Status epilepticus is a serious complication which sometimes occurs in epileptics even when the disease seems to be under control with the aid of antiepileptic drugs. The status often occurs in connection with acute brain injuries and also during the early postoperative course of brain operations. In Europe status epilepticus is usually treated with intravenous barbiturates (Somnifene; Hypnofen [20% solution of diethylbarbituric and allylisopropylbarbituric acid]), which generally stop the fit provided that the patient is deeply anesthetized. This treatment, however, has certain disadavantages. The deep sleep often results in unsatisfactory ventilation of the lungs, which may give rise to respiratory complications. Furthermore, it is impossible to foresee the duration of the status in progress, and therefore the patient may be anesthetized for an unnecessarily long time, since the barbiturates are slowly eliminated. When the status develops during the days immediately following a brain operation, this therapy has still another disadvantage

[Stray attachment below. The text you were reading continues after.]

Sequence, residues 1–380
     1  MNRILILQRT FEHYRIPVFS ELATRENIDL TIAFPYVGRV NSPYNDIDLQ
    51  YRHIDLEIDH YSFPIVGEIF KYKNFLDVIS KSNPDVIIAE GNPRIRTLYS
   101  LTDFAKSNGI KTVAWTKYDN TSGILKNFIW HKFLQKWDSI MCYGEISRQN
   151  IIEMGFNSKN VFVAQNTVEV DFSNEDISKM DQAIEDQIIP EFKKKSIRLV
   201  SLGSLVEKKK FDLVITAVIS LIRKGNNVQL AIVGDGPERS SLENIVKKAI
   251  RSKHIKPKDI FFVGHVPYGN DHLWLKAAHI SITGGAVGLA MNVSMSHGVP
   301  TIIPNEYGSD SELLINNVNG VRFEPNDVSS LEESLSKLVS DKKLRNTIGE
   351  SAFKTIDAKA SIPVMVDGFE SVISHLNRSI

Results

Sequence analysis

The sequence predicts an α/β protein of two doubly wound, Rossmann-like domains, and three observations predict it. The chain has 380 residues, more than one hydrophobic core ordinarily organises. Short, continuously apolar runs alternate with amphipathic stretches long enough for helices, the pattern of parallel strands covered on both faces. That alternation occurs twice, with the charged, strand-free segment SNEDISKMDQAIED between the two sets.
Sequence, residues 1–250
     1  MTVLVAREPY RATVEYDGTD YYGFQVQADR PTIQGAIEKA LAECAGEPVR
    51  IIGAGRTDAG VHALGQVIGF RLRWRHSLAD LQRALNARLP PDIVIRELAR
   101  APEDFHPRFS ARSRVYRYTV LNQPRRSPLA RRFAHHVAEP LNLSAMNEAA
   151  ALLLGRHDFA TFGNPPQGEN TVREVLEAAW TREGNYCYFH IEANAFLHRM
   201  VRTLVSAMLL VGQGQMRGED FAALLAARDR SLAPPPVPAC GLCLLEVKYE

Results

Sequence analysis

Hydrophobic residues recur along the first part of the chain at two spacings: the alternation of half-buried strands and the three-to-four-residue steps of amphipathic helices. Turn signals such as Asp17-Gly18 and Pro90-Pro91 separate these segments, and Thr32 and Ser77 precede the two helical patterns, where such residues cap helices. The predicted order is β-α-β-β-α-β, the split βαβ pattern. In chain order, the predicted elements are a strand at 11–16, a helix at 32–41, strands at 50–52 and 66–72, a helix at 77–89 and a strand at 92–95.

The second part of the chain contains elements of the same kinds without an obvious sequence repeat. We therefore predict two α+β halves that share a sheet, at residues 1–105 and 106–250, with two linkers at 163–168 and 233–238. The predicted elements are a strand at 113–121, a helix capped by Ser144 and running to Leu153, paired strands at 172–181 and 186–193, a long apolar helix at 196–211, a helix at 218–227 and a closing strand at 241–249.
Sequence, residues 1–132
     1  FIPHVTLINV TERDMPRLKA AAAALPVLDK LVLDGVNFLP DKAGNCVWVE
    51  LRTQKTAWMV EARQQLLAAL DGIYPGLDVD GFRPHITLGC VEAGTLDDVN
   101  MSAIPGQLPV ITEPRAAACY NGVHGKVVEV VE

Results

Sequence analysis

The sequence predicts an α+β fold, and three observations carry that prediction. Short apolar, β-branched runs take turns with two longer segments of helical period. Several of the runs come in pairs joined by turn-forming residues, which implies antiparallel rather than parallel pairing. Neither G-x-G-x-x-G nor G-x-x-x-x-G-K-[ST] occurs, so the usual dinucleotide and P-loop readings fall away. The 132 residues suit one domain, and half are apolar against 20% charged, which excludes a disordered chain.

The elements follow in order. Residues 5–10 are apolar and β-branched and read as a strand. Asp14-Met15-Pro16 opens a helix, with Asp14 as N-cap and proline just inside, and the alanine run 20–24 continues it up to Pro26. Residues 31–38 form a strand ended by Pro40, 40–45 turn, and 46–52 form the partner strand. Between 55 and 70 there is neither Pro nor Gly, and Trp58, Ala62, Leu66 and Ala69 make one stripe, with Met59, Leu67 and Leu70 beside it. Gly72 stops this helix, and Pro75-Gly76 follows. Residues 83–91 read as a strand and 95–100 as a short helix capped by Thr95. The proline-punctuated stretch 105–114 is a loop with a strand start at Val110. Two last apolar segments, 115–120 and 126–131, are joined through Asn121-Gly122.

BERNHARD CG, BOHM E, HÖJEBERG S. A New Treatment of Status Epilepticus: Intravenous Injections of a Local Anesthetic (Lidocaine). AMA Arch NeurPsych. 1955;74(2):208–214. doi:10.1001/archneurpsyc.1955.02330140092017
Customize your JAMA Network experience by selecting one or more topics from the list below.